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Tuesday, August 30, 2011

10 Belligerent Songs That Will Scare Children into Leaving You Alone

Posted By on Tue, Aug 30, 2011 at 11:24 AM

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2. Sun Ra, "Atlantis"

Sun Ra's 21-minute, densely layered space jazz epic feels like the soundtrack to a particularly vivid nightmare involving grotesquely large insects, house-leveling tornadoes, and a 30-foot-tall Gumby.

3. Paul Pena and Kongar-ol Ondar, "Durgen Chugaa (Fast Talk)"

After hearing a broadcast of Tuvan throatsinging on his shortwave radio, blind bluesman Paul Pena taught himself the ability, which involves producing two to four pitches simultaneously. Pena became so adept he was invited by one of the world's best throatsingers, Kongar-old Ondar, to visit Tuva and sing in its triennial festival. Here, over khomus (a mouth harp) accompaniment, the pair produces vocal sounds that will make Western ears raised on Beiber and Beyonce quiver and shake.

4. Mount Vernon Arts Lab, "Percy Toplis"

Even my most mule-stubborn child would be driven from my home office and back into their bed by "Percy Toplis." It's 12 ear-shredding minutes of what sounds like a triggered building alarm.

5. The Residents, "Arctic Hysteria"

Howling winds, fingers plucking absently at a stringed instrument, savage group chants involving an invented language -- "Arctic Hysteria" simply chills the blood.

6. Virgin Prunes, "The Children Are Crying"

After all these years, Irish boogeyman Gavin Friday still gives me the heebie-geebies, so I can't imagine how unnerving he would be to a little one. "I hear the children crying," he speak-sings in mocking tones. "Tomorrow will never come."

7. Meredith Monk, "Dungeon"

Meredith Monk's trademark "extended vocal technique" incorporates overtone, throat singing, yodeling, keening, percussive sounds, and micro-tonality. On "Dungeon," this technique is on full display. At particular moments you wonder if she's being strangled by a lumberjack; at others, if she's been pitched headfirst off a steep cliff.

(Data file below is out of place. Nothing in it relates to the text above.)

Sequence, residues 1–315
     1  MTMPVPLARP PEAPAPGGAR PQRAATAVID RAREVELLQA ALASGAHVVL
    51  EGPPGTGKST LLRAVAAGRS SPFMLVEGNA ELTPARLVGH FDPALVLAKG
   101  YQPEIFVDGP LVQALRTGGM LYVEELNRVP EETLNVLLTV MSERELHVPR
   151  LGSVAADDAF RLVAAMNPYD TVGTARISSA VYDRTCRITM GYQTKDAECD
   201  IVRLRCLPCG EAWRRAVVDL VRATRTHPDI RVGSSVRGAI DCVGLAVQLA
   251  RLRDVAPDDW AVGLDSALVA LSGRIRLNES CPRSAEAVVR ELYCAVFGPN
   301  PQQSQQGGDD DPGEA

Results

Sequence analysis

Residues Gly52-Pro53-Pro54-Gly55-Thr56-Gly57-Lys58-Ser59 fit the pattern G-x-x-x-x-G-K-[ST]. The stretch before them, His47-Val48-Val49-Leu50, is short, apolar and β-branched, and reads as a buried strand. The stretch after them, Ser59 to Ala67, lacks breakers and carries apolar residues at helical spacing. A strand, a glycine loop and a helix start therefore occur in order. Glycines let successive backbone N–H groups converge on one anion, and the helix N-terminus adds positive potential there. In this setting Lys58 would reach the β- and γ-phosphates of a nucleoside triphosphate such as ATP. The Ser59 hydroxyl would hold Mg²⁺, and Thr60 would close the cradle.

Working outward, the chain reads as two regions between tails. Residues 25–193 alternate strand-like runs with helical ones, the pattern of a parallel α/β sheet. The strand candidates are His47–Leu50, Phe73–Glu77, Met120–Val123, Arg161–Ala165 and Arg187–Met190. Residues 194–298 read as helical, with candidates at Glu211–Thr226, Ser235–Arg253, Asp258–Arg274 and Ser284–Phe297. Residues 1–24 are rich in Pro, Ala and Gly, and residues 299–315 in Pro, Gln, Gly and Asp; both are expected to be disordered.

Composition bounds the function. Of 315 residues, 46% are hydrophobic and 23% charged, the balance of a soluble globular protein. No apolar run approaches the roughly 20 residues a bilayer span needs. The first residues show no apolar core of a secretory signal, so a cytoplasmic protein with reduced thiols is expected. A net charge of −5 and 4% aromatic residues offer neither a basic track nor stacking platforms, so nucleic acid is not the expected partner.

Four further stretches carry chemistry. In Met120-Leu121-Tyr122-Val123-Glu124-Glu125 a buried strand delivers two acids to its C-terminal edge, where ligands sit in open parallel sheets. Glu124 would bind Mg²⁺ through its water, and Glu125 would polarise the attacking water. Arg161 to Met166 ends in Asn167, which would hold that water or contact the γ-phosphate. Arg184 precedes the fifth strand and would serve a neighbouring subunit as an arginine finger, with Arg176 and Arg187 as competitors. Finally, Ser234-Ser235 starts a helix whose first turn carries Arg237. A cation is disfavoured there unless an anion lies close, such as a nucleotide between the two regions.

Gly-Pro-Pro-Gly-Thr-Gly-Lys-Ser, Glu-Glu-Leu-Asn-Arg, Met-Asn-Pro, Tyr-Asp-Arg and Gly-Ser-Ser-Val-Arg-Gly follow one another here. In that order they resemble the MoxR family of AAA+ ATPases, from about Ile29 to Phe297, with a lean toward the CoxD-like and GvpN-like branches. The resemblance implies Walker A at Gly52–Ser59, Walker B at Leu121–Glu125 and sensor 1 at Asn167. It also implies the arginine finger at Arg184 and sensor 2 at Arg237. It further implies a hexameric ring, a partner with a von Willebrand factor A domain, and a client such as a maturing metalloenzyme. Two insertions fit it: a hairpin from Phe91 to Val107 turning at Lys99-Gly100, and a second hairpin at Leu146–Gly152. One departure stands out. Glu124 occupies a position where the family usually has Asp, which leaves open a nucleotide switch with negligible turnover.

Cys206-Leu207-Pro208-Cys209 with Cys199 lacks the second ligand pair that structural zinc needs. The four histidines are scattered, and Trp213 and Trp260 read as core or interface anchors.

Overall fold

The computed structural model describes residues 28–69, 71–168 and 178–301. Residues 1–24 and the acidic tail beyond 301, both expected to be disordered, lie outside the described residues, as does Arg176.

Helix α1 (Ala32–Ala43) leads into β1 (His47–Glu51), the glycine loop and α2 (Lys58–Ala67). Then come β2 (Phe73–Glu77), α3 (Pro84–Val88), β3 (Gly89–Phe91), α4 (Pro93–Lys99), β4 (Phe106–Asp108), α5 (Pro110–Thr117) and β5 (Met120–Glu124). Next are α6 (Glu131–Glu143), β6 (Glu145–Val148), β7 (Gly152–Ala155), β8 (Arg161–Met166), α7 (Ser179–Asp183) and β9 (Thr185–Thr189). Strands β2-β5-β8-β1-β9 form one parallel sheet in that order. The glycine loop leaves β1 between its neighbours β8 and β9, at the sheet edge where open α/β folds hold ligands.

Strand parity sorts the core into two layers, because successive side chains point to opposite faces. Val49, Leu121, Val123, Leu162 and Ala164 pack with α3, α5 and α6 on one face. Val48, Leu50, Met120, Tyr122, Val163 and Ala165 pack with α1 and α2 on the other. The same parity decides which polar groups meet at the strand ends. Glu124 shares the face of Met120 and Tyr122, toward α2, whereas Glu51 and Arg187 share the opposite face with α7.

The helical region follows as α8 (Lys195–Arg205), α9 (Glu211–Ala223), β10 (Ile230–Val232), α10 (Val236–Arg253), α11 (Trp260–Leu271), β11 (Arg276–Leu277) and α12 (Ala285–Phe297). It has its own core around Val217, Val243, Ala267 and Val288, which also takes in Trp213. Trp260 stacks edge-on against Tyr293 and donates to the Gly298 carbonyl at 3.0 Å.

8. Alfred Lewis, "Mississippi Swamp Moan"

Alfred Lewis' sky-high notes on the harmonica accent his teeth-chattering banshee wail. Checking in at over 80 years old, "Mississippi Swamp Moan" feels extra unsettling thanks to all the clicks and pops.

9. The Books, "A Cold Freezin' Night"

The Books' "A Cold Freezin' Night" is constructed from salvaged audio tapes made on Tiger Electronics' Talkboy recorder. From the group's blog: "The primary tape that you hear in 'A Cold Freezin' Night' is a game of one-upsmanship between a brother and a sister (I think). Their conversation escalates until the younger sister has no choice but to drop the A-bomb." Some of the samples include the particularly demonic brother telling his sibling he plans on cutting off her toes, as well as blowing her brains out.

10. Der Plan, "Wenn der Sonne ist Vergluht"

Layered, processed vocals in the harsh-sounding Germanic language ... The kids don't stand a chance with Der Plan.

Dad Rock is a column in which Ryan Foley attempts to look at pop music and pop culture from the precipice of middle age. If he ultimately leaps, it's because tiny hands ruined his Galaxie 500 vinyl. Accusations that he's raising five insufferable hipster children can be sent to

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